Which rookies are ready to do work in the League?
James Anderson | 6-6 | Shooting Guard| San Antonio Spurs
A true shooting guard, Anderson has range and consistency on his jumper. The Spurs have Manu Ginobili ahead of him on the depth chart and other than that there aren’t any other shooting guards on the roster as of now. Anderson will get an opportunity to showcase his game by knocking down shots on the perimeter for the Spurs and should see minutes on a consistent basis.
Ed Davis | 6-9 | Power Forward| Toronto Raptors
A lefty with an aesthetically pleasing game, Davis has a great touch around the rim. The power forward averaged 12.6 points, 6 rebounds and 1.8 blocks in Summer League play while shooting 64% from the field. Davis has the size and athleticism to become a big time power forward in this League but he needs to add strength to his frame (hopefully he has this summer), hone his post moves (a lot) and learn to play more with his right hand. Believe it or not, Toronto has a gaping hole in the frontcourt and Davis will have playing time from Day One for a rebuilding Raptors franchise north of the border.
Gordon Hayward | 6-8 | Shooting Guard/Small Forward| Utah Jazz
Notoriously hard on rookies, Jerry Sloan will be no different when dealing with Gordon Hayward. But the Jazz do not have a true back-up small forward as of now and that may ultimately be Hayward’s calling this season. With CJ Miles and Raja Bell looking to split minutes at the shooting guard it looks like Hayward’s best shot is at the small forward position this year behind the Russian AK-47. Although Hayward shot the deep ball at a lower percentage during his sophomore season than as a freshman, look for Hayward to become a lights out shooter from the midrange and eventually become a reliable three-point threat. The form is there but now he has to do is get the repetitions down. Look for Hayward to not only score off the bench but also to make excellent decisions with the ball in his hands.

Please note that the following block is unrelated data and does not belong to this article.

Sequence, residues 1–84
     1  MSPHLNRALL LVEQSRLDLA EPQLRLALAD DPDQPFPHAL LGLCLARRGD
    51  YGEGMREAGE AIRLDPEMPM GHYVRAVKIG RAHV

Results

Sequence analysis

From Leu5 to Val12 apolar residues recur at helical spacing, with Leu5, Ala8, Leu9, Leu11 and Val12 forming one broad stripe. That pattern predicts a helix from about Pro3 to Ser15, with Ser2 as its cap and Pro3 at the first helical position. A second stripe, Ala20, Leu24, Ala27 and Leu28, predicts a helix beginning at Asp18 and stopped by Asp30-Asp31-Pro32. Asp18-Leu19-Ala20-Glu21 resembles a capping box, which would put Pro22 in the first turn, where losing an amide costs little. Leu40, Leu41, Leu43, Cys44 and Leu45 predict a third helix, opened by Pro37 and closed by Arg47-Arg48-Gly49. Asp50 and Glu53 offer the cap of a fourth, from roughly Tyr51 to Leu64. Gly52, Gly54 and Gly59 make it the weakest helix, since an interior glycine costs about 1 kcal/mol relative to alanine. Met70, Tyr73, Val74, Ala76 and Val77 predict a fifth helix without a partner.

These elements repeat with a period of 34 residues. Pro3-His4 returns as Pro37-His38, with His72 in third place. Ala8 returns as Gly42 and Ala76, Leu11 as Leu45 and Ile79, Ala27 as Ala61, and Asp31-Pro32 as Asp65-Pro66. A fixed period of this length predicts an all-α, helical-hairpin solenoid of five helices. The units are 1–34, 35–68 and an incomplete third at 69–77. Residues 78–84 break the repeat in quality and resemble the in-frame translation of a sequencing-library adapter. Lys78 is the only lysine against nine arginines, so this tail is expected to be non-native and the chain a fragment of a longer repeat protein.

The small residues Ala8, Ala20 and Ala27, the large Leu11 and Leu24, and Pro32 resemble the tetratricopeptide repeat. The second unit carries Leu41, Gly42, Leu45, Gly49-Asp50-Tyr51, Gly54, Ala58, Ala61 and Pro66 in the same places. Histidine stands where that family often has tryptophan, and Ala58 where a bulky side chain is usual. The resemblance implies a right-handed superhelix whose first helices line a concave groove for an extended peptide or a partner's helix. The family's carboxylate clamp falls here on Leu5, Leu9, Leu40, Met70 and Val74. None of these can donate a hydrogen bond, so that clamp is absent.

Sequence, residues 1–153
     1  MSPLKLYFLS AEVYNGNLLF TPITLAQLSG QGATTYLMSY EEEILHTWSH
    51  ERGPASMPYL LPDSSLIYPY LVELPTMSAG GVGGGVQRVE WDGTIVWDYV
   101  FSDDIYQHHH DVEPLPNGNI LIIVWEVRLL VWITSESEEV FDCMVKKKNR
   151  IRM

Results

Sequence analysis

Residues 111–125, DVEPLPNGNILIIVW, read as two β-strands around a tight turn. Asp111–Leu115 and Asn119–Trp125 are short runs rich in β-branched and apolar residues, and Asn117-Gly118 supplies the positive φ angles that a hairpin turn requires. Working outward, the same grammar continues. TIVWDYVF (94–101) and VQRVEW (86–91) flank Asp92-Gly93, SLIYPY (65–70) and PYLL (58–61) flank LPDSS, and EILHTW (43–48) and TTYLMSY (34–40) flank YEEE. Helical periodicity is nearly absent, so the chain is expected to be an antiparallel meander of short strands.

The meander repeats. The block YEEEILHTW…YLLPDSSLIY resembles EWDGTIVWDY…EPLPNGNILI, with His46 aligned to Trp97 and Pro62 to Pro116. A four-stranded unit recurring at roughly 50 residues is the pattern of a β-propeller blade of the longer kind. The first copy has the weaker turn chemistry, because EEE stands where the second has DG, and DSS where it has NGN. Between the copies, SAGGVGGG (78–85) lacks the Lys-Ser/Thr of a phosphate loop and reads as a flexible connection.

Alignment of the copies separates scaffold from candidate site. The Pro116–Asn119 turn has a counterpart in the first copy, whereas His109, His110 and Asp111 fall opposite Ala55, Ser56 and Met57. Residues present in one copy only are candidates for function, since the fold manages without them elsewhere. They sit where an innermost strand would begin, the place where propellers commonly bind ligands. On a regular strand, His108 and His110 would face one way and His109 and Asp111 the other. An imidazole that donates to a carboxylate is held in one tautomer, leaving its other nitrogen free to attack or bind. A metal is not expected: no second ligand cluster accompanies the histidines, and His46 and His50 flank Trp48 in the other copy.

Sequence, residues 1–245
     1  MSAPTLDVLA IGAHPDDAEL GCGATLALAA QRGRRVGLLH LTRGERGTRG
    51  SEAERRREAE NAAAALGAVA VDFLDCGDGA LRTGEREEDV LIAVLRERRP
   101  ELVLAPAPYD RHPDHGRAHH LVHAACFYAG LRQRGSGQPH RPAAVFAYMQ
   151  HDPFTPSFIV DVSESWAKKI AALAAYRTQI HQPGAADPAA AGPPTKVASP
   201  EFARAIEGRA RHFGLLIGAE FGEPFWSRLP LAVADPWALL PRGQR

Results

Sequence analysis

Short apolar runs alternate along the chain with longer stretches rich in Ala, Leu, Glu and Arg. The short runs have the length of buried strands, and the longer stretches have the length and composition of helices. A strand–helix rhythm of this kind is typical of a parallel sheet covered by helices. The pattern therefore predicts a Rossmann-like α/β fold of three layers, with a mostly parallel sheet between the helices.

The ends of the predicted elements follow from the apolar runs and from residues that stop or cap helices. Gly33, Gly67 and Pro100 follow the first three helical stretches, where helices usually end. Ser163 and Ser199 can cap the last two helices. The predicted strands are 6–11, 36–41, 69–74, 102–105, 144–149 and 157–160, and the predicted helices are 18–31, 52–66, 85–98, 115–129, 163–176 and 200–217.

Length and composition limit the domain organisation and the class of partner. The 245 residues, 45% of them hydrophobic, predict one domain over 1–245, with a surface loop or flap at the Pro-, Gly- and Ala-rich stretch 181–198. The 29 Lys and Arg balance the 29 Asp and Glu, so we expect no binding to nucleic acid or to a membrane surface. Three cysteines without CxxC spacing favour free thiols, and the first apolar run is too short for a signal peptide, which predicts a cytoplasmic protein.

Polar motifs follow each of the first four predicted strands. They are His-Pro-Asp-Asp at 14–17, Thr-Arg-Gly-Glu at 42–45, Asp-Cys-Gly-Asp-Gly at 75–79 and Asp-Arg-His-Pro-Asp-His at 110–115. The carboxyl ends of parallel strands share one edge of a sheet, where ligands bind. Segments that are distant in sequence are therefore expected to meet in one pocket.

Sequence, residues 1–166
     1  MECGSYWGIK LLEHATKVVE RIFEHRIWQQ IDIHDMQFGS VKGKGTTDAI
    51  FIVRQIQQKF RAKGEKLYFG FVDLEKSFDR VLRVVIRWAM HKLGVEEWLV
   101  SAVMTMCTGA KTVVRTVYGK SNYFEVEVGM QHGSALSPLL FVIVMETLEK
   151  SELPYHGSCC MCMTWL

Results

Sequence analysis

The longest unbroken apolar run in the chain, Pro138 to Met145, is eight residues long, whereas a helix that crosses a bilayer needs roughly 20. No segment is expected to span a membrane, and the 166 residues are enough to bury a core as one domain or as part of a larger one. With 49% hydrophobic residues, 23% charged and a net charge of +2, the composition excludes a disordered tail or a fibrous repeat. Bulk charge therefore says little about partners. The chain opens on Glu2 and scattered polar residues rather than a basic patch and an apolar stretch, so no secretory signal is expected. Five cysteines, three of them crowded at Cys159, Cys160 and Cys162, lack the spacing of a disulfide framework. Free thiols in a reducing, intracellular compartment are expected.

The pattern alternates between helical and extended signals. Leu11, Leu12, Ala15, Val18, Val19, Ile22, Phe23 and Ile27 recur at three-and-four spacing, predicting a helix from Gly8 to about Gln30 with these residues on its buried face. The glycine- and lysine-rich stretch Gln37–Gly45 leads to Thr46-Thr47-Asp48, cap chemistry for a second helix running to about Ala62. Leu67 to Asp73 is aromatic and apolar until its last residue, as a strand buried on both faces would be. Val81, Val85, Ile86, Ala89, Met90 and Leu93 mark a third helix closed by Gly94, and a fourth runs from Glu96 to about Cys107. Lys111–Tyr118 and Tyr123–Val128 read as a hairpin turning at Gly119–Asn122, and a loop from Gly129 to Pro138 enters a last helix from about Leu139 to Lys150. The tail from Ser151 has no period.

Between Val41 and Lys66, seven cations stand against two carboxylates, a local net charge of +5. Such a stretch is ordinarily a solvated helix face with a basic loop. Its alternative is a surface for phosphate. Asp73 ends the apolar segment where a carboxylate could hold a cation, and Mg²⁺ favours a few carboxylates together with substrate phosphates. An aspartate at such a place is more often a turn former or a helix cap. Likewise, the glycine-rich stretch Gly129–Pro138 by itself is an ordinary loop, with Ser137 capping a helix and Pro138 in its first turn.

Greg Monroe | 6-10 | Power Forward| Detroit Pistons
If he isn’t a starter for Detroit basketball on Day One, expect him to be a starter by seasons end. Monroe is an awesome passer both out of the post and from the perimeter, can finish with either hand around the rim with his soft touch and jump hook shot and his midrange jumper has to be improving with the amount of time NBA players practice shooting with specialists. Charlie Villanueva, Jason Maxiell, Chris Wilcox, Jonas Jerebko and Ben Wallace will be all be battling with Monroe for playing time but Monroe’s unique skill set should earn him quality minutes in his rookie season.